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What does data innovation mean for traditional social science research?


Pulse Lab Jakarta posted today on Medium a blog I have written with Andrew Thornley about the implication for social science research of data innovation. Hope you enjoy reading it.

2014-07-20 Copenaghen bicycle 008 - 1060

Bicycle parking in Copenhagen. Photo by Arnaldo Pellini

Data innovation and data analytics offer an unprecedented opportunity for expanding the sources of evidence that can inform policy-making. But is data innovation threatening traditional policy research? Arnaldo Pellini is a Research Fellow at the Overseas Development Institute and the lead for learning at the Knowledge Sector Initiative, and Andrew Thornley is an Asia Foundation alum; both have a wealth of experience across Southeast Asia. They raise some important questions as they look at experiences in Indonesia.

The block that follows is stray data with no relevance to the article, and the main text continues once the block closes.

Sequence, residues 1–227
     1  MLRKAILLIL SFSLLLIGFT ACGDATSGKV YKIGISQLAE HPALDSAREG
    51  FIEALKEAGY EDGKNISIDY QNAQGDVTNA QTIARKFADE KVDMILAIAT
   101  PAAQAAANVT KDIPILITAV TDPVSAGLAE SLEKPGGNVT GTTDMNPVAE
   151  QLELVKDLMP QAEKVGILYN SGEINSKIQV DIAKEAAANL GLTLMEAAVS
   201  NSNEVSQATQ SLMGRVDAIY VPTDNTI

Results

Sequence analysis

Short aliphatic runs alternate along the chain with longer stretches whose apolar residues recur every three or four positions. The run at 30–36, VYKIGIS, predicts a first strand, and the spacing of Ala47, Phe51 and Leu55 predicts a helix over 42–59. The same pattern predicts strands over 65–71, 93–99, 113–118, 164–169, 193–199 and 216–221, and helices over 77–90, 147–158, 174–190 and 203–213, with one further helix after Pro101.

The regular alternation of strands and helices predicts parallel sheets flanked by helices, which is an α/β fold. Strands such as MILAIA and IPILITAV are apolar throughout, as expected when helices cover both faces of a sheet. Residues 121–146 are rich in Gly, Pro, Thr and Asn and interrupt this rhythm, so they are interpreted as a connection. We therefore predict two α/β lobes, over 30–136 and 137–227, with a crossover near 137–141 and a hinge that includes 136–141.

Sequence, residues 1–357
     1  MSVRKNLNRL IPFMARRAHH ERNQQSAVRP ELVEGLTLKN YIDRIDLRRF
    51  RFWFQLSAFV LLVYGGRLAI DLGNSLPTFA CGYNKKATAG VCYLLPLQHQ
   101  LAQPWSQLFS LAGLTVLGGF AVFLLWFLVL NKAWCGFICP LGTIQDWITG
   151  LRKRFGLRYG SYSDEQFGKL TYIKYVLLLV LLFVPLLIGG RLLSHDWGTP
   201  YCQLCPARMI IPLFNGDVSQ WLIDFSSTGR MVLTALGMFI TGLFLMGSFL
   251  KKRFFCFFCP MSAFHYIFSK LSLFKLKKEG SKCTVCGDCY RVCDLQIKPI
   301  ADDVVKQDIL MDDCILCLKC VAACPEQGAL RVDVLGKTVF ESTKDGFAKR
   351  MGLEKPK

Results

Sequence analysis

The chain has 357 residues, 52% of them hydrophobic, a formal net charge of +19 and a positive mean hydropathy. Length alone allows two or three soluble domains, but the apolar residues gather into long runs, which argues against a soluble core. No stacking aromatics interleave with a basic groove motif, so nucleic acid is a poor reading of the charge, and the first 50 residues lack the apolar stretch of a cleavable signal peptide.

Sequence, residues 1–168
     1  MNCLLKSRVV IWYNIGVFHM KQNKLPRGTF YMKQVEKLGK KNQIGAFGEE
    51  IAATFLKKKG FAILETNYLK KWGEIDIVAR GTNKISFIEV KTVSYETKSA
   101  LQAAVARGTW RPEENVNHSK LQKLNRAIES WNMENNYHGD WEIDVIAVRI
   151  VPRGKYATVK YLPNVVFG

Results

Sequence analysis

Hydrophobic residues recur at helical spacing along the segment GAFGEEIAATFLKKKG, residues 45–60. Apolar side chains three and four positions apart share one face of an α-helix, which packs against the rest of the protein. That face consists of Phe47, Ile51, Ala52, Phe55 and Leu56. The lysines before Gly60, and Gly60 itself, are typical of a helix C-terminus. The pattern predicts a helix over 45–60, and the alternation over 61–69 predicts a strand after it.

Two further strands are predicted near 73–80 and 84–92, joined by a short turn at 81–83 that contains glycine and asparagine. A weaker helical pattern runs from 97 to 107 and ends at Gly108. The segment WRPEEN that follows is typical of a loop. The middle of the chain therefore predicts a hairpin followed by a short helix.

In the last five years, data innovation has changed the research and policy landscape. Policy-makers used to rely on more traditional forms of evidence, such as social science research, to make decisions. But new technologies and alliances for collecting, publishing and analysing data are changing the way policy-makers source and use evidence. We need to understand more about how data is being used in policy and what this means for social science researchers trying to inform policy decisions. Ultimately, social science research must adapt.

Continue reading on Medium – Pulse Lab Jakarta

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